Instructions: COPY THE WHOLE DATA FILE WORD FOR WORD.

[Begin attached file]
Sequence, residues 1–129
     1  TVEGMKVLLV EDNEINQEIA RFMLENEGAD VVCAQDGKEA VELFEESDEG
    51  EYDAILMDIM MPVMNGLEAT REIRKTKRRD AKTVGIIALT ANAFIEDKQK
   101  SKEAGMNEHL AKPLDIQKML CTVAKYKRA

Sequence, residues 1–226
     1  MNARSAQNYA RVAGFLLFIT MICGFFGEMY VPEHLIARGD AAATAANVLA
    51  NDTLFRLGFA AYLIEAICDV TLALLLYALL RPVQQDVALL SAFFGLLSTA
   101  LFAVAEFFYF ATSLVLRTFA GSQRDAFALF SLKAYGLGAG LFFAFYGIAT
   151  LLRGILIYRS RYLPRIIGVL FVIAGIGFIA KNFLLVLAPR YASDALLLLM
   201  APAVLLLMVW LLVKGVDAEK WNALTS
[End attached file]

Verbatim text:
Sequence, residues 1–129
     1  TVEGMKVLLV EDNEINQEIA RFMLENEGAD VVCAQDGKEA VELFEESDEG
    51  EYDAILMDIM MPVMNGLEAT REIRKTKRRD AKTVGIIALT ANAFIEDKQK
   101  SKEAGMNEHL AKPLDIQKML CTVAKYKRA

Sequence, residues 1–226
     1  MNARSAQNYA RVAGFLLFIT MICGFFGEMY VPEHLIARGD AAATAANVLA
    51  NDTLFRLGFA AYLIEAICDV TLALLLYALL RPVQQDVALL SAFFGLLSTA
   101  LFAVAEFFYF ATSLVLRTFA GSQRDAFALF SLKAYGLGAG LFFAFYGIAT
   151  LLRGILIYRS RYLPRIIGVL FVIAGIGFIA KNFLLVLAPR YASDALLLLM
   201  APAVLLLMVW LLVKGVDAEK WNALTS